" Wherever the shadow of your grace falls, Archangel , there the power of the devil is driven away; the fallen Lucifer cannot bear to remain in your luminance. Hence we ask you to extinguish the flaming arrows that he aims against us, delivering us from his scandals through your mediation, o praiseworthy Archangel Michael "

The hymns of his feast-day, the 8 th November, are not only victorious paeans that exalt and proclaim the triumph of the primate of the angelic hosts, Michael; they are also glorifications and thanksgiving prayers of the faithful. They combine with the hymns that are perpetually sung by the angels in heaven as they encircle God's throne. Thus, the archangel Michael -as the commander of all divine hosts- invites all the faithful who live on earth to "join the joyous celebration of the Summoning, along with all the angels".

Together with the angels, the "blessed powers", we cry out to the Lord, saying: "Holy, holy, holy is the Lord Sabaoth; the sky and the earth are filled with your glory. Hosanna to the One on high. Blessed is the One who comes in the name of the Lord. Hosanna to the One on high." However, there is a difference that makes the prayer of the faithful even more fervent. It is underlined in the celebrational hymns of the feast-day. We are reminded that the lips of the angels are non-corporeal, fiery and flaming. Their mouths are spiritual and never silent, and their hymn is incessant. We, on the other hand, are unworthy - our lips are earthen and "materialistic".

This abysmal difference between holy angels and the struggling faithful is stressed in a hymn of the feast-day, in the question posed:

"What mortal of nine-month gestation can possibly say something worthy enough

for the nine Legions (of angelic hosts) ??

The nine legions of angels are:

•  Seraphim
•  Cherubim
•  Thrones
•  Dominions
•  Powers
•  Virtues
•  Principalities
•  Archangels
•  Angels

Apart from the feast day on the 8 th of November, there are other days in which we honor the holy angels: on the 26 th March and 13 th July we celebrate the Summoning of the Archangel Gabriel; on the 6 th September our Church celebrates a miracle by the Archangel Michael; from the days of the week, Monday has been dedicated to the angels.

After all that we said about the angels, and especially Michael, let us examine an icon of the majestic Archangel .

Description of the icon. The icon that is found in the Byzantine Museum of Athens is of the 14 th century, of excellent craftsmanship, and originates from the school of Constantinople . The Archangel is upright, facing forward and looking straight at the observer. His broad shoulders with the powerful wings are indicative of his power. He wears a red garment, and on top of it, he wears a dark mantle that covers his left shoulder. On his right forearm, he bears the band that normally distinguishes angels. In his right hand, he is holding a staff, symbolic of a messenger and his authority. In our icon, the staff also acts as a weapon. With it, the archangel strikes and exterminates the enemies of the faithful and also performs miracles with it. In his left hand, he holds the sphere that symbolizes the world, with a cross on it. On the sphere are inscribed the letters Χ Δ Κ (Christ the Just Judge ).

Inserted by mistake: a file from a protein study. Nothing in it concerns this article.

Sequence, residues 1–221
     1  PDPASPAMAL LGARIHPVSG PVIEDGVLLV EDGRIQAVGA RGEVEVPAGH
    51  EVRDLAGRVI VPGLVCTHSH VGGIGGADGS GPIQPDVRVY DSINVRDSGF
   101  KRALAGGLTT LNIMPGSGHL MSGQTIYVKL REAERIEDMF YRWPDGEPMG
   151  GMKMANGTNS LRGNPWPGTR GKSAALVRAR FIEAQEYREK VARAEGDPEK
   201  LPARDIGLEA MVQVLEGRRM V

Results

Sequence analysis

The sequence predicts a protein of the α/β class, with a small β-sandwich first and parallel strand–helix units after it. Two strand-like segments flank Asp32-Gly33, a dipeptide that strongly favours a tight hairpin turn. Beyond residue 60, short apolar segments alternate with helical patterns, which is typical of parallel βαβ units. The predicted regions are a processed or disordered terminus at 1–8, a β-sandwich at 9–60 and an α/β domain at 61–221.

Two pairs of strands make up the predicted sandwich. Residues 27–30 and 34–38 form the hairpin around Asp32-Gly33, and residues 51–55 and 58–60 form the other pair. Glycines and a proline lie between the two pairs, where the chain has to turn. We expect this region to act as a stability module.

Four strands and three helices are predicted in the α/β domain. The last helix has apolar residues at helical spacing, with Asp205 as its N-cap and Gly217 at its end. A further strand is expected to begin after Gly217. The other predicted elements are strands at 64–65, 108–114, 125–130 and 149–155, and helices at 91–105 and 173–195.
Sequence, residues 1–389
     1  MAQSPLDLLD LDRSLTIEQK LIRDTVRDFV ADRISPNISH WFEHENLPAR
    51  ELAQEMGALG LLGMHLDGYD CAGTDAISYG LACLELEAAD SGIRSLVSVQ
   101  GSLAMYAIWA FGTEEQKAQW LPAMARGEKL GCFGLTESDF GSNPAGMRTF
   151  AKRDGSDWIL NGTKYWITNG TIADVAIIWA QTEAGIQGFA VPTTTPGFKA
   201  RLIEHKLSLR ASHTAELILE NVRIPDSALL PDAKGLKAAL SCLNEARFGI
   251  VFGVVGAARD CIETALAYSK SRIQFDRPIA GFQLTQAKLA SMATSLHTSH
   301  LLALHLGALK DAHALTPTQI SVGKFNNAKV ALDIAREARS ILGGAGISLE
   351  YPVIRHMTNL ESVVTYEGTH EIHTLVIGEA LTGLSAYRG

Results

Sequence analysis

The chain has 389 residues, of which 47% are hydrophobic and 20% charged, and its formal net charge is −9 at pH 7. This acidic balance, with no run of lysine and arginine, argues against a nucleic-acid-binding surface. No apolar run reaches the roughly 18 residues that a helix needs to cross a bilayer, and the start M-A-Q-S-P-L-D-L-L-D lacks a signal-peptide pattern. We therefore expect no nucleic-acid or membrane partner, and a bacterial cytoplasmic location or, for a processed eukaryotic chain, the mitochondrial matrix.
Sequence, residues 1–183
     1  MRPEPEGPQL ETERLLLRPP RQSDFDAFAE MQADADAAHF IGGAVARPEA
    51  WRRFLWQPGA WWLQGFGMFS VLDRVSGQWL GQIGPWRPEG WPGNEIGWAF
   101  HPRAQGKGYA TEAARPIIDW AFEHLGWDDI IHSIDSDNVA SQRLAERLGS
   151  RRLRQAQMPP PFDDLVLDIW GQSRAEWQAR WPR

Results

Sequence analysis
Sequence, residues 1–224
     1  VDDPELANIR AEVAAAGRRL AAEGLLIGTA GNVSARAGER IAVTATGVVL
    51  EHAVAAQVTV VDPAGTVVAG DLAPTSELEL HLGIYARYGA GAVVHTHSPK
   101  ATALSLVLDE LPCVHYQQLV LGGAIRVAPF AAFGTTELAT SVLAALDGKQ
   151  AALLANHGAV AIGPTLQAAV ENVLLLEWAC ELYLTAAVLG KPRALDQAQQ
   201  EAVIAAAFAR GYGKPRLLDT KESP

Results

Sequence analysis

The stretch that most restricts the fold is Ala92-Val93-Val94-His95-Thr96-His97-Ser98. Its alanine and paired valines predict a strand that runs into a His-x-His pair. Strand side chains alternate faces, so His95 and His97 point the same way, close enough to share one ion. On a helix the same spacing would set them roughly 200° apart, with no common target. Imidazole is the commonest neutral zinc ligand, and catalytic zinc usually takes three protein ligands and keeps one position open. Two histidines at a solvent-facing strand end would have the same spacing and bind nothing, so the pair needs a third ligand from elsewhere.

He has a thick crop of hair. We can discern the band that it is tied with, and the ends of the band that appear to be windblown. As for the armband - we see it in every depiction of angels- it " denotes the purity of their mind..... given that they are pure and non-corporeal beings, this armband is a kind of insignia of their absolute and celestial chastity. And just as their hair appears to be bound, signifying that they do not preoccupy themselves with miscellaneous and redundant things but only the divine and the necessary, thus is their mind likewise bound, in its heavenward preoccupation" (Simeon of Thessaloniki, PG 155, 869B).

The archangel's face shows sweetness, tranquility and a commanding presence. It is the mirror of his holiness and his ethical perfection. The liveliness of his gaze adds to his features a certain intensity and severity; this, however, is very appropriate for his ministry: he is an annihilator; he is the vindicating angel.


As we look upon the icons of angels, a petition of the Church rises to our lips:

"Let us ask from the Lord an angel of peace, a faithful guide, a guardian for our souls and our bodies."